Robert Nazarene: Rule #1: Poetry is great. But it doesn’t taste very good for breakfast. Poetry is not a career . . .
Robert Frost: Hold it, that’s my line: To be a poet is a condition, not a profession.
Robert Nazarene: Exactly, Bob. The trains don’t run there; never have, never will. One suggestion: cell microbiology, 750K to start. Or, save all that MFA money to travel, absorb, read, read, read, read, then write. With an MFA and a valid membership to Amazon Prime you can get free shipping on orders over $35.
William M. Tweed: I hear poetry editors operate a patronage racket, closing the circle of who gets in and who doesn’t: mostly academics, MFA pals. “You scratch my back and I’ll scratch yours.” I like that.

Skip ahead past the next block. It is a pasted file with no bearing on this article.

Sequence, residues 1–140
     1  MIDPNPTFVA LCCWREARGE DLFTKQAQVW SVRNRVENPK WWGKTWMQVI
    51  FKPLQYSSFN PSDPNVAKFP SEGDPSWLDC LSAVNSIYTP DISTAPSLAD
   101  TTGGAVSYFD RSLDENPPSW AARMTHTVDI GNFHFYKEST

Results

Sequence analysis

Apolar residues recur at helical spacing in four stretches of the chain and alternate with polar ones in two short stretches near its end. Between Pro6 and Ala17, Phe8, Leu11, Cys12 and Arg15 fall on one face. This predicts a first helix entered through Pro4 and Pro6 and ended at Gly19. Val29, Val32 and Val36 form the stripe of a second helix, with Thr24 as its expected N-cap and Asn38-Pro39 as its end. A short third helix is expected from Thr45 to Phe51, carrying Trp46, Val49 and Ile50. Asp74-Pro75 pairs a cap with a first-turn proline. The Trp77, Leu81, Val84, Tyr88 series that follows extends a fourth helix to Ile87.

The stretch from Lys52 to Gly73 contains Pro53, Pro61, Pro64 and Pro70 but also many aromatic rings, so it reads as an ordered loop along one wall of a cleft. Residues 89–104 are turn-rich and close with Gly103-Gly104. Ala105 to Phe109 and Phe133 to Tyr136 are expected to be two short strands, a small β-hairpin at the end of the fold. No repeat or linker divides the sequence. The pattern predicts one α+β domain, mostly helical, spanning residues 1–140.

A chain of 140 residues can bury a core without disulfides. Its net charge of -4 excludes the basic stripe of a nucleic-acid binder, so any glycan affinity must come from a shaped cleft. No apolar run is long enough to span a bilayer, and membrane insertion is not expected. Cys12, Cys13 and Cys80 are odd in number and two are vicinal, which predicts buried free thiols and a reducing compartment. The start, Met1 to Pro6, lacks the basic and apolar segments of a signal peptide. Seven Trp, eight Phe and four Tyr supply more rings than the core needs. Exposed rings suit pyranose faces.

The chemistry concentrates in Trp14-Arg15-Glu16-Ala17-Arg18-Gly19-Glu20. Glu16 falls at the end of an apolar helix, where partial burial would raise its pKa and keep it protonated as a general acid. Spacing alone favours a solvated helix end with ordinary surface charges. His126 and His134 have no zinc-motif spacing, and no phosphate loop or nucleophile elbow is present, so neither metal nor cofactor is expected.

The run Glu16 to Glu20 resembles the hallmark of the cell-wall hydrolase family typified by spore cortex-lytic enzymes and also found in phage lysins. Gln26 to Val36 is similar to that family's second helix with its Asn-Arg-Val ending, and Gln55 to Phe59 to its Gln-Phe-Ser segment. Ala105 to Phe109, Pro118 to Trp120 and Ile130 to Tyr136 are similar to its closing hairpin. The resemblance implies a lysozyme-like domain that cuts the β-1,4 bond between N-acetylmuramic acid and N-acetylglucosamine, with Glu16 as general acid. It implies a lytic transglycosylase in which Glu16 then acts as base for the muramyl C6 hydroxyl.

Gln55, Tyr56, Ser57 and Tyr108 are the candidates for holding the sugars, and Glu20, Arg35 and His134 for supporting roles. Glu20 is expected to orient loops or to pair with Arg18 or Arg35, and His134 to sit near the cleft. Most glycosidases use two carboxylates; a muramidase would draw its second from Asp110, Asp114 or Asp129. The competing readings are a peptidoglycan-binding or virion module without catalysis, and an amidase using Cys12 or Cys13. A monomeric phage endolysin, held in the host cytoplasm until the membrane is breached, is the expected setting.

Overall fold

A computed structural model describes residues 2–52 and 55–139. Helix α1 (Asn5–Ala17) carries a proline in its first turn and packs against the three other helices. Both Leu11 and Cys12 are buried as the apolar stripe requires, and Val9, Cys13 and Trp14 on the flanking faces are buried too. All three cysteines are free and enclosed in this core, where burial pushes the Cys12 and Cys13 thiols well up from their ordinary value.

James Wilson: The American Journal of Poetry is the itching powder. Who you are, who you think you are, means zero. Like Mick said, “. . . chairs are on the table, out the door baby, closing time.” It’s all about the poem with us. That’s it. Oh, and if you know how to write cursive.
Solly “Chick” Grossman: Do you enjoy AWP, Bobbo?
Robert Nazarene: I went once. That’s where people look over your shoulder to see if there’s someone important they could be talking to. But I really love the Realtors® Convention. And the RV Show! Not that there’s a dime’s difference in any of ’em. Their drug of choice is more. So to answer your question, Solly, I enjoyed all I could stand. “Welcome to The Machine,” Man — bet you’ve got that on 8-track, Sol.
Carl Jung: What or whom is it that most influenced your poetry?